The agency said state regulators are looking for three things when reviewing the water samples collected by the city of Houston: water pressure, chlorine residuals and bacteria levels.

TCEQ said in order to rescind a boil water notice, a water distribution system must meet consistent water distribution pressures greater than 20 pounds per square inch.

During the water sample review, the agency checks that “areas have been flushed” and disinfectant residuals like chlorine are consistently maintained “above the minimum regulatory requirements” throughout the water distribution system.

Once the system has met all requirements, the state environmental agency said an “accredited” lab checks the samples to see if they are negative for bacteria. This analysis typically takes between 18 and 24 hours. A TCEQ spokesperson says they expect the sample results early Tuesday morning.

“TCEQ has approved a sampling map, which is to ensure sampling locations are representative of the system and show water is negative for bacteria throughout the City’s distribution system,” the agency said in an email.

Low pressure hurts water quality and can be a threat to public health. A reduction or loss of pressure in a water distribution system can result in backflow, when water flows in the wrong direction, allowing contaminants to enter drinking water. Water pressure in the entire system is back above minimum levels for safety, Turner said.

“We are working closely with the City of Houston and stand ready to review the city’s water sample results and offer any technical assistance that may be needed,” TCEQ said in an email.

TCEQ requires public water systems to issue a boil water notice when water pressure dips below 20 pounds per square inch because the water may be unsafe to drink. Turner said in a press conference Monday that at 11 a.m. Sunday, water pressure at 16 monitoring sites dipped below emergency regulatory levels of 20 psi. The pressure rose back at 14 of those sites in less than two minutes, and the other two were back up within 30 minutes.

Residents have complained and criticized Houston officials for taking hours to issue a boil water notice. TCEQ requires a public water system to notify its residents “as soon as possible, but in no case later than 24 hours after the violation or condition occurs.”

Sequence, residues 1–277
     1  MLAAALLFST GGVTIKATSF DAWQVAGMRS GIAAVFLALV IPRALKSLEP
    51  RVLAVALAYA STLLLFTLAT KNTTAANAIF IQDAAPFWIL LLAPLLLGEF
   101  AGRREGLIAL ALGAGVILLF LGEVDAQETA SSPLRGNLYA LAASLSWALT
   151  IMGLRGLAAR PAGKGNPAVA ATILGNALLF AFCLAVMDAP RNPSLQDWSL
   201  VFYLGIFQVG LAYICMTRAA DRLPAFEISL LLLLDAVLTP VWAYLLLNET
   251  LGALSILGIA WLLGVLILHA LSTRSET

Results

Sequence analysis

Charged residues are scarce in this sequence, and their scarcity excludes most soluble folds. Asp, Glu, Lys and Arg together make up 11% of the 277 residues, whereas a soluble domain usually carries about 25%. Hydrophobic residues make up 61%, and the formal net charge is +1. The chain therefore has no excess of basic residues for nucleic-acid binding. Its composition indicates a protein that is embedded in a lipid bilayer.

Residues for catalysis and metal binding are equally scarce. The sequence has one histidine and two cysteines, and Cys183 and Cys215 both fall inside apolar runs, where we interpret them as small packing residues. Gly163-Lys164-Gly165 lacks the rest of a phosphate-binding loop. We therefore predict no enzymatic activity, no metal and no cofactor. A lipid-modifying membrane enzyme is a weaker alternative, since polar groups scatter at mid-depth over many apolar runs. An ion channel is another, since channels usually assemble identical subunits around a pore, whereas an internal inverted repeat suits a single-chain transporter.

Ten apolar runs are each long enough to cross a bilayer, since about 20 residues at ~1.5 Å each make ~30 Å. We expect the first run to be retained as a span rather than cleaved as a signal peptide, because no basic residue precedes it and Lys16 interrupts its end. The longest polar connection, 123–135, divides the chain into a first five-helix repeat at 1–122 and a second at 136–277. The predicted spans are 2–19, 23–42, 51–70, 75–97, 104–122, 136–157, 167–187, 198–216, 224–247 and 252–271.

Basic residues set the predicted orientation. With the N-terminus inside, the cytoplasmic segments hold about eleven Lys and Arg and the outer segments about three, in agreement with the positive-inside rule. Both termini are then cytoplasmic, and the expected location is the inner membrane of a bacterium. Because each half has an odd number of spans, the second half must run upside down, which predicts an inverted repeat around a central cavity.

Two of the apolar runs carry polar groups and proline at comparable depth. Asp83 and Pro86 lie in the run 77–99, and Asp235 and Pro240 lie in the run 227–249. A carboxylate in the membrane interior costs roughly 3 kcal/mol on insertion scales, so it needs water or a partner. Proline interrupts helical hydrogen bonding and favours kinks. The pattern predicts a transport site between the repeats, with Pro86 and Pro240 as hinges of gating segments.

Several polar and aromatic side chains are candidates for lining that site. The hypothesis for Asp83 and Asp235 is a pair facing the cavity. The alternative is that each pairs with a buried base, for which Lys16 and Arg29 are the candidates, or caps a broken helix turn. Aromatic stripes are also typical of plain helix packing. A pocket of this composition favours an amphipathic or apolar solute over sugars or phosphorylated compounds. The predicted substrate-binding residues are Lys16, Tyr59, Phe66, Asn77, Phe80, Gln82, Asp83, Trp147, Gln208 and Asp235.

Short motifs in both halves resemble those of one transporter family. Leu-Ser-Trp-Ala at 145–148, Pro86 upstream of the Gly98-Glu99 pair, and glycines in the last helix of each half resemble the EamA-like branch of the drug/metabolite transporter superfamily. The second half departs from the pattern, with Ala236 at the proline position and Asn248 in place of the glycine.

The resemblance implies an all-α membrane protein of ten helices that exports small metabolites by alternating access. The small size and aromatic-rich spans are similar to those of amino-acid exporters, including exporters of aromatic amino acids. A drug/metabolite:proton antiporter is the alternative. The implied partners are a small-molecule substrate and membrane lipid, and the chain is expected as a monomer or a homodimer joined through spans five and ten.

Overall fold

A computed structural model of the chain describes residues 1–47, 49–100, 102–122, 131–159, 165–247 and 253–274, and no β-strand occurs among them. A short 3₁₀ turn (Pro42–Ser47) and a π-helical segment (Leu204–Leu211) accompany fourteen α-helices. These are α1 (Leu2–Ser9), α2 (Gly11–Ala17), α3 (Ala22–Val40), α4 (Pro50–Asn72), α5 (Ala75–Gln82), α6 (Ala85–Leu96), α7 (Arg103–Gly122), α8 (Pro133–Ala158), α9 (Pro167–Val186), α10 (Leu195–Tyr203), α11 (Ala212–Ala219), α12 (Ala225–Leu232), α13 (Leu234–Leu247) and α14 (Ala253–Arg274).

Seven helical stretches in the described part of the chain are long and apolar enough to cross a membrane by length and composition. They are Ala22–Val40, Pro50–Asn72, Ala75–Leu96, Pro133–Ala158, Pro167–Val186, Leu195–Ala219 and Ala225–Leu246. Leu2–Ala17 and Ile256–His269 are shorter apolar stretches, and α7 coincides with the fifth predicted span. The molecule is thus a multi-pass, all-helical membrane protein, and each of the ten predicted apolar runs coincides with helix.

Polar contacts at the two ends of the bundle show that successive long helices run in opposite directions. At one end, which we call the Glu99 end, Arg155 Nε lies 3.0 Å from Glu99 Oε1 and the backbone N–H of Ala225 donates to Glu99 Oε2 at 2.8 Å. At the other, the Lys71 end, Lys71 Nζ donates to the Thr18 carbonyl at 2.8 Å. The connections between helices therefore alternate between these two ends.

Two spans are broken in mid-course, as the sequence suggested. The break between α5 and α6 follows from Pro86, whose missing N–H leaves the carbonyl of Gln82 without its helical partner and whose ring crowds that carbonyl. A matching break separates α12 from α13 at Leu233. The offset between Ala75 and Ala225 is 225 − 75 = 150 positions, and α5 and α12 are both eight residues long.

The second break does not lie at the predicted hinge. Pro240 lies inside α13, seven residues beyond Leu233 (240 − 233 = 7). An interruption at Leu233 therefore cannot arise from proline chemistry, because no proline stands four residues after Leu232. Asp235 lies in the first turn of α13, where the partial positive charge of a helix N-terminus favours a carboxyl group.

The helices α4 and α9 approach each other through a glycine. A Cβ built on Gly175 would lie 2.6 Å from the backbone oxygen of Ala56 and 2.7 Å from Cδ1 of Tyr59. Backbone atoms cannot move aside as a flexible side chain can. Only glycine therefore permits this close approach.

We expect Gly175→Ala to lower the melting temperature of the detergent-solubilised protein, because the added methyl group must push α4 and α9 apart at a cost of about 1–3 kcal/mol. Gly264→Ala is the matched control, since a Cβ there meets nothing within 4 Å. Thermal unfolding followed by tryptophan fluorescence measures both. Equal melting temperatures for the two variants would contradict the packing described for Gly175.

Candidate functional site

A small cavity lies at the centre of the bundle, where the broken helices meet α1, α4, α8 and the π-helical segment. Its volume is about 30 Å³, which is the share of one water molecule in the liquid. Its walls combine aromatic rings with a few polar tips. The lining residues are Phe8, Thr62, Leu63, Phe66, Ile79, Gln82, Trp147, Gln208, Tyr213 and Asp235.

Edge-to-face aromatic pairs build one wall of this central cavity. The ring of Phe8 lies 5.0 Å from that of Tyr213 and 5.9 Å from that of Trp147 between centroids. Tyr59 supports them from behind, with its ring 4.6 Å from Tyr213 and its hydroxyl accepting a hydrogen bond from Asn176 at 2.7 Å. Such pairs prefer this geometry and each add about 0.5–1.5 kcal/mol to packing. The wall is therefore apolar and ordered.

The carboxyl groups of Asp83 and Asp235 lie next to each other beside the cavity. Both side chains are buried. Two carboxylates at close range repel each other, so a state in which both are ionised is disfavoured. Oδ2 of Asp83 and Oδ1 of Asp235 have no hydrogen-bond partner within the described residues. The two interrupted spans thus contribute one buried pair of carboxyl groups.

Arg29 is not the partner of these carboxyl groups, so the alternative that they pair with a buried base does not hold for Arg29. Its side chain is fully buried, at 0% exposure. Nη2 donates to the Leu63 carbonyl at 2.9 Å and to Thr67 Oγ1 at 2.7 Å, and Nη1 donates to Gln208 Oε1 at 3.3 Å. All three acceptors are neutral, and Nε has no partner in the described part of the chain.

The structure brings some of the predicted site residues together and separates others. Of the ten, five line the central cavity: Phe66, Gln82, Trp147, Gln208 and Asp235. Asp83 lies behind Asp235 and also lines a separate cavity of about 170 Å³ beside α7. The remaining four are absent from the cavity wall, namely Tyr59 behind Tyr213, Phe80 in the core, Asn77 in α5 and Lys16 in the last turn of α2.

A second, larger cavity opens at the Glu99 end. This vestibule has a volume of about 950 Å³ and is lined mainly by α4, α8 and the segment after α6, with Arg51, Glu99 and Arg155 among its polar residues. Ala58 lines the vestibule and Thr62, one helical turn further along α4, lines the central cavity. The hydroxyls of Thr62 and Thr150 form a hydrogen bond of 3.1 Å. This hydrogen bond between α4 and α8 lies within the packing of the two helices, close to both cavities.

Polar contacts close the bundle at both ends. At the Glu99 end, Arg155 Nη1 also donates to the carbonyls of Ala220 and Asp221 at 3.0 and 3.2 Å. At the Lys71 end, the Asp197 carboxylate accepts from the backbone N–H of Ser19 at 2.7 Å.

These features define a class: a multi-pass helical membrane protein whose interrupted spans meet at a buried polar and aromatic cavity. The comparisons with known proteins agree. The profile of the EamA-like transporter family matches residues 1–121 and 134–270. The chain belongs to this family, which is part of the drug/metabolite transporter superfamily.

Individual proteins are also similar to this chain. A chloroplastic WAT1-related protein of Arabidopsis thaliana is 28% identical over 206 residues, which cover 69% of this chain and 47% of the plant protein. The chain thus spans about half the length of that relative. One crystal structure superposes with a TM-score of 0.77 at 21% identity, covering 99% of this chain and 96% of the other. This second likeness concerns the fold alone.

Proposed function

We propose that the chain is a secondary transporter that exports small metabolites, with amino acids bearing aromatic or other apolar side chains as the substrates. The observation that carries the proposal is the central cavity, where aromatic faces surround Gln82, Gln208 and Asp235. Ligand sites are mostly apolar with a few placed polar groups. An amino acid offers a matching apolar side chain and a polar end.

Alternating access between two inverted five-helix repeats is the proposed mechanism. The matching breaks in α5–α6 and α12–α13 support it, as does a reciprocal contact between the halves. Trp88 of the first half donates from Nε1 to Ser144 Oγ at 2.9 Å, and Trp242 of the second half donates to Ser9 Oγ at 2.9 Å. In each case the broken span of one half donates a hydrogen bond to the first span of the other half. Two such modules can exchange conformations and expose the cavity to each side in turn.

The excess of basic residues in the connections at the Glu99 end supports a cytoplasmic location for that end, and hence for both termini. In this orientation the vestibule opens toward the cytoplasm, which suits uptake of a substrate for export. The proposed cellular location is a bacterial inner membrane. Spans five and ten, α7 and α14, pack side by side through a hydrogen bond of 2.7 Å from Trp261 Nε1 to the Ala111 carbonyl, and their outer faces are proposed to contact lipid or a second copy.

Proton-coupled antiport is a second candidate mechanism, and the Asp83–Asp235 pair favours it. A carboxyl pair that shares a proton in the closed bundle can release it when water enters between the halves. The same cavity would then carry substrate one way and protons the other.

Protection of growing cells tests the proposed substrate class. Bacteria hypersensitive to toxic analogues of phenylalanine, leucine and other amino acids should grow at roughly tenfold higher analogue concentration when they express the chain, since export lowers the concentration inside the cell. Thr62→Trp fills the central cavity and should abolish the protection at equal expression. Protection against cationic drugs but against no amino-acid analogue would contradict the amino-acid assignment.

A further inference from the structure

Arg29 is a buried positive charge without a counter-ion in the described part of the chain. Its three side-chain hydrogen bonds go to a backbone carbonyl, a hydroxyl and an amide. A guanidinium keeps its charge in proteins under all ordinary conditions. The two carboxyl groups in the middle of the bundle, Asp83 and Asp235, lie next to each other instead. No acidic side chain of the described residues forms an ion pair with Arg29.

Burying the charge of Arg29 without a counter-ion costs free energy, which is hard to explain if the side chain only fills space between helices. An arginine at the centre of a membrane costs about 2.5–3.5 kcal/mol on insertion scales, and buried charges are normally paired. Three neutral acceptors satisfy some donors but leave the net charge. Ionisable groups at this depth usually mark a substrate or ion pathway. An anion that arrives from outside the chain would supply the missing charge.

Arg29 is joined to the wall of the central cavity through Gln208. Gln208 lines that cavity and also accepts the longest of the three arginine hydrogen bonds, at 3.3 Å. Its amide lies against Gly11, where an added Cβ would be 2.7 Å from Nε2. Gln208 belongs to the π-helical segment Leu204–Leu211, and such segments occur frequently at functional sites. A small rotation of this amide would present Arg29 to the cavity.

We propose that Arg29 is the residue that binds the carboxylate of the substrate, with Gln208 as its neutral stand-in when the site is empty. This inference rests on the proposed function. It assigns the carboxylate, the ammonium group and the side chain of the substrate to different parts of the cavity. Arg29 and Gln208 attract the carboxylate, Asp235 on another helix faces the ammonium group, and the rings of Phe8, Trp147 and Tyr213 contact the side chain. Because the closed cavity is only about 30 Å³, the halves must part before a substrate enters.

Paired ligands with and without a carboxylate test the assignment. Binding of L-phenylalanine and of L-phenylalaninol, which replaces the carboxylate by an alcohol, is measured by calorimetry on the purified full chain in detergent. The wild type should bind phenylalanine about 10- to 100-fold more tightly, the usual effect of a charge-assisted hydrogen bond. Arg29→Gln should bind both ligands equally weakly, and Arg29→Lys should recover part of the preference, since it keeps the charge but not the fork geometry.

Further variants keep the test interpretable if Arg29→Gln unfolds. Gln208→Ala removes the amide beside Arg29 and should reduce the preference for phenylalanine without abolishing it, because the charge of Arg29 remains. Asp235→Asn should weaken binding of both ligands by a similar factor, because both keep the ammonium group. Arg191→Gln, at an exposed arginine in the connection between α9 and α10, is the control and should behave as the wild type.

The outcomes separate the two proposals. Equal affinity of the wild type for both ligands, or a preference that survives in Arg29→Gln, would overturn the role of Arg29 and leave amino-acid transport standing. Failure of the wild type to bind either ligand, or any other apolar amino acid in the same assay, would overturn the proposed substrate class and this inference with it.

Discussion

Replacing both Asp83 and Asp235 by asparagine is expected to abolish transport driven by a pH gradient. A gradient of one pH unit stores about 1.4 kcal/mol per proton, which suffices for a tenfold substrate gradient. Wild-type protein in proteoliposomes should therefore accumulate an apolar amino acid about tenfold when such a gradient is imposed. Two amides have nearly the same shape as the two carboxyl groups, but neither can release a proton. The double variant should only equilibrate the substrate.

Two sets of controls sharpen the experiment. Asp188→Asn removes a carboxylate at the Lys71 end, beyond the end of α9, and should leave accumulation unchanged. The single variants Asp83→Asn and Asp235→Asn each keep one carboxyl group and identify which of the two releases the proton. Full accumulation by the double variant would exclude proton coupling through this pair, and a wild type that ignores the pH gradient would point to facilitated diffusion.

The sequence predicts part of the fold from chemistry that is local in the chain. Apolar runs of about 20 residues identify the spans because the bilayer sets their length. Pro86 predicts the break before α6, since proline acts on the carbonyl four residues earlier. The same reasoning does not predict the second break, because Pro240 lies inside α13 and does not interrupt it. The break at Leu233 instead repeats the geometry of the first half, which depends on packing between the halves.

The state environment agency requires city leaders to “prepare a boil water notice in English and, if necessary, Spanish.” Its rules do not mention instructions for notifying blind, deaf and disabled people of boil water notices.

Gov. Greg Abbott directed state emergency resources to the city on Sunday and said he has been in contact with Turner.

“We’re currently working to fulfill the city’s request for help with rapid turnaround of water sample results,” Abbott said in a statement.

Houston residents have been under a water boil notice twice before in recent years. The city issued a boil water notice during the 2021 winter freeze, when state’s electric grid operator lost control of the power supply and millions were without access to electricity or water for days. And in February 2020, the city issued a boil water notice after a 96-inch water main break spewed water for several hours, triggering pressure levels to drop below minimum regulatory levels of 20 psi for an extended period of time.

Disclosure: CenterPoint Energy has been a financial supporter of The Texas Tribune, a nonprofit, nonpartisan news organization that is funded in part by donations from members, foundations and corporate sponsors. Financial supporters play no role in the Tribune’s journalism. Find a complete list of them here.